Owenycree River

Owneycree River, situated in County Kerry, is a stream that runs through my home
townland, ‘Leamyglissane’ within a 500 metre distance of my house.
I wake in the morning to open the curtains to view the river and bridge from my own front
bedroom window.
This river possesses years of endless stories however until enquiring from my Grandad,
‘Sean Jackie’ about the history of this river, it never really drew my attention.
I never depicted it as a historical feature and I most certainly didn’t expect to hear any
enlightening stories about this beautiful river, so please sit back, relax and enjoy this
captivating and memorable short story about Gneeveguilla’ s own ‘Owneycree’…
It was a typical day in Leamyglissane, ‘work, work’ and ‘more work’ on my Grandad’s farm.
The local delegates, my Grandad amongst them, had decided to drain a part of the
Owneycree River, to refresh, cleanse and to preserve its natural characteristics and to
ensure no harmful effects would come upon it, in the future.
My Grandad recalls it to be a warm summer’s day, the brilliance and radiance of the hot sun
was reflecting on the river water, making it even more dazzling and ravishing…
However, there were years of bacteria that needed to be eliminated and today was the day
that they had planned their mission. Soon they all marched, from my Grandad’s home, the
headquarters of this operation, through Grandad’s favourite field fondly known as ‘The Ray’
down to the riverside. …
My Grandad had always respected the river, in fact, he spent many of his younger days
exploring and playing near the river.
One hot summer’s day he and his brother,’ Paudie Jackie’ decided to explore the river
further, and using a horse reign my Grandad tied his brother’s waist to prevent him from
drowning and in he went!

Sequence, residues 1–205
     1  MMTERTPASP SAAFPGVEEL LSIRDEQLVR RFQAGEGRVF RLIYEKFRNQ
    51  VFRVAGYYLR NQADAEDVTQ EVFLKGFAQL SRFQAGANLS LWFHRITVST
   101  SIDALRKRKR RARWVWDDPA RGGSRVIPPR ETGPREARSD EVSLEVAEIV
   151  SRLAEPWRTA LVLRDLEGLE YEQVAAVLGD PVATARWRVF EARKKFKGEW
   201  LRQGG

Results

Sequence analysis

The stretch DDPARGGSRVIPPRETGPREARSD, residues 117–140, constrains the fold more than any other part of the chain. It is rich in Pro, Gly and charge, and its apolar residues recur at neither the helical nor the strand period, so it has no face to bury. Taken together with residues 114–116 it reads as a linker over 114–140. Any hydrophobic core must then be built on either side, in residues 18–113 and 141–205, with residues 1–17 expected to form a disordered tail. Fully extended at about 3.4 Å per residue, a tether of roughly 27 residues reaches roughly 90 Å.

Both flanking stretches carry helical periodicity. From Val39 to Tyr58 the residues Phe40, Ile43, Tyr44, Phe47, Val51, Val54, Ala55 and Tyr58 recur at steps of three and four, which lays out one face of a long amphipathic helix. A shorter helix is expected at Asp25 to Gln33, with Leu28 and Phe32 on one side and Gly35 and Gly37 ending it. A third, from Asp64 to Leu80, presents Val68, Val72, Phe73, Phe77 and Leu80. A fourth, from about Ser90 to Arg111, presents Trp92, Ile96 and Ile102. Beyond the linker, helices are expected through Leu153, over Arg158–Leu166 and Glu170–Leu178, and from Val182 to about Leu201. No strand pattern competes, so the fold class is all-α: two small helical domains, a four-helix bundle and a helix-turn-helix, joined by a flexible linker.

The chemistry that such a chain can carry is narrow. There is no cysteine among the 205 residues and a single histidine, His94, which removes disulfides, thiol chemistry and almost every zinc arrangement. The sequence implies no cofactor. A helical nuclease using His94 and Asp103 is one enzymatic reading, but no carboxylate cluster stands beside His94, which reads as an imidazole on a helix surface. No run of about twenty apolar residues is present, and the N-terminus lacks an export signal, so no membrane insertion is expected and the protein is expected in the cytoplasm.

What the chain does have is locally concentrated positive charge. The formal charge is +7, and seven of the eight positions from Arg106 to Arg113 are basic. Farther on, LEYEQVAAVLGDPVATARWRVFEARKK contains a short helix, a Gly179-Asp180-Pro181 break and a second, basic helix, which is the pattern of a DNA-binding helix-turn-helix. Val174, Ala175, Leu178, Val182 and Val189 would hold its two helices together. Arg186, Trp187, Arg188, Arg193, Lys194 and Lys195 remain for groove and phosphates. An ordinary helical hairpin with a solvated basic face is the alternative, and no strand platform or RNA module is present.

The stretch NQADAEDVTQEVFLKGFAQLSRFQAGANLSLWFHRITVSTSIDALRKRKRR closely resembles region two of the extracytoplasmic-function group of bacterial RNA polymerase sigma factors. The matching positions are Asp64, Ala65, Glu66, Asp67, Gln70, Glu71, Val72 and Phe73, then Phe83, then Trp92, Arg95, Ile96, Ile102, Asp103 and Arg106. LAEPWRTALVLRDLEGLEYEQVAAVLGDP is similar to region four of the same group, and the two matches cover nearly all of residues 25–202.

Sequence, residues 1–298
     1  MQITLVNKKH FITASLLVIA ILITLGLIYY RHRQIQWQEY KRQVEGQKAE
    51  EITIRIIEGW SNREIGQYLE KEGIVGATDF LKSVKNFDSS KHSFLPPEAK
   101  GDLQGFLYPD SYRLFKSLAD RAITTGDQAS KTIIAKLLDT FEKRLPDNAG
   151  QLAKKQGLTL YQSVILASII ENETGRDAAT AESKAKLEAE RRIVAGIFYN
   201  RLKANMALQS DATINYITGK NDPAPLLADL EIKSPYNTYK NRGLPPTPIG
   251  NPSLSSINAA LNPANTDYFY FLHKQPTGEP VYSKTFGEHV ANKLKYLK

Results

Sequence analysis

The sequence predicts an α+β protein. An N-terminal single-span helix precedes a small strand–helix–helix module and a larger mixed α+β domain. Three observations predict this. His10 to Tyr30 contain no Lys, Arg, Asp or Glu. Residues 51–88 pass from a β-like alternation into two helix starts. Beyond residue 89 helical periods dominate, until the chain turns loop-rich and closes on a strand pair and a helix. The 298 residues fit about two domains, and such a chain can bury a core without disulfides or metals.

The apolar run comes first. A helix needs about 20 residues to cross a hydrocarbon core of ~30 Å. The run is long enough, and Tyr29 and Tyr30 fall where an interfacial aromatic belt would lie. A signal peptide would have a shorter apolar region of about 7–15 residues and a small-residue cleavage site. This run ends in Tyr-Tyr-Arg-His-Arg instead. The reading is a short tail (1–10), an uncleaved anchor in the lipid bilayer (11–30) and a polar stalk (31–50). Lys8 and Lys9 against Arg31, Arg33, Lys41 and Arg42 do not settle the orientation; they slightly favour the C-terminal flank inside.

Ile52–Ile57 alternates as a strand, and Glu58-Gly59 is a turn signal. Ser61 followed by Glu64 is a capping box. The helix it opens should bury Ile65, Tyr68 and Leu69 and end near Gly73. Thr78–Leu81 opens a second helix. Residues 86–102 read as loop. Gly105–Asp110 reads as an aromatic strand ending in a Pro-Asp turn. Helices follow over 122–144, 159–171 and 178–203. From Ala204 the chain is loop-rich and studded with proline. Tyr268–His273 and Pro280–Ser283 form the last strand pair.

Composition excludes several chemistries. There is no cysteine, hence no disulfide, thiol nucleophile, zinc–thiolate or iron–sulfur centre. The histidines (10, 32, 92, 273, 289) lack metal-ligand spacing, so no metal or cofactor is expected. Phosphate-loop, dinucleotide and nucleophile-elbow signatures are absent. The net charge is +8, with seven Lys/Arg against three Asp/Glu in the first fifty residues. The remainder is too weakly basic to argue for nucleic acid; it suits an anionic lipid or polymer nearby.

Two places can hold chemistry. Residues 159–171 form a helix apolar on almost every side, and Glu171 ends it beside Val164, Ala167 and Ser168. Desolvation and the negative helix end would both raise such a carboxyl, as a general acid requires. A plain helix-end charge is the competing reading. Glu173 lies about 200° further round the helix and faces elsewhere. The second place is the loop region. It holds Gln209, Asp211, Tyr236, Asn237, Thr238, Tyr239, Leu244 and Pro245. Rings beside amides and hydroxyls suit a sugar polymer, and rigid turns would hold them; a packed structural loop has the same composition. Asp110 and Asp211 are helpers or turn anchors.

There was Paudie swimming in the currents with my Grandad tugging at the reins, ready to
pull him out if he got into difficulty. Paudie Jackie offered to give him a turn but Grandad
sensibly declined and with all the fun he forgot to return the reins to the farm. Their father,
my Great Grandfather was not amused when the following day with no reigns in sight; the
milk could not be carried to the creamery on their beloved horse and cart !!
Going back to the drainage operation Grandad recalls ‘Tony Connor’ driving the track
machine, the main tool used in the cleaning of the river.
When they commenced the operation Tony took one sweep at the river, using the machine,
and to everyone’s surprise, a beautiful, ‘freshwater trout’ landed from the machine into the
My Grandad remembers the fish being approximately one metre long. The fish was soon
followed by a second fish, this time smaller, but still comprising of similar features to the
previous fish.
Grandad remembers how satisfied they all were after completing their mission but he also
recalls flinging the two trout’s into his bag to have a ‘fine feast’ for himself at home..
To this day, Grandad’s favourite meal is still ‘fresh fish’…
To summarise I enjoyed my Grandad’s stories of the history of our local river and the lovely
memories that he has now passed on to me.
I think it is important to celebrate and explore the beauty and magnificence of all lakes and
I know there are endless reasons why we should take good care of our rivers, put an end
once and foremost to pollution and to rebuild this beautiful world, for our future generations.
Owenycree, Owenycree, where the three townlands meet
Leam, Schranaville, and Maughantoorig
On the banks I will roam, not far from my home
And gaze on the beauty around me’
An old local verse devised from the tune of ‘Loughrea Loughrea’ by Brendan Shine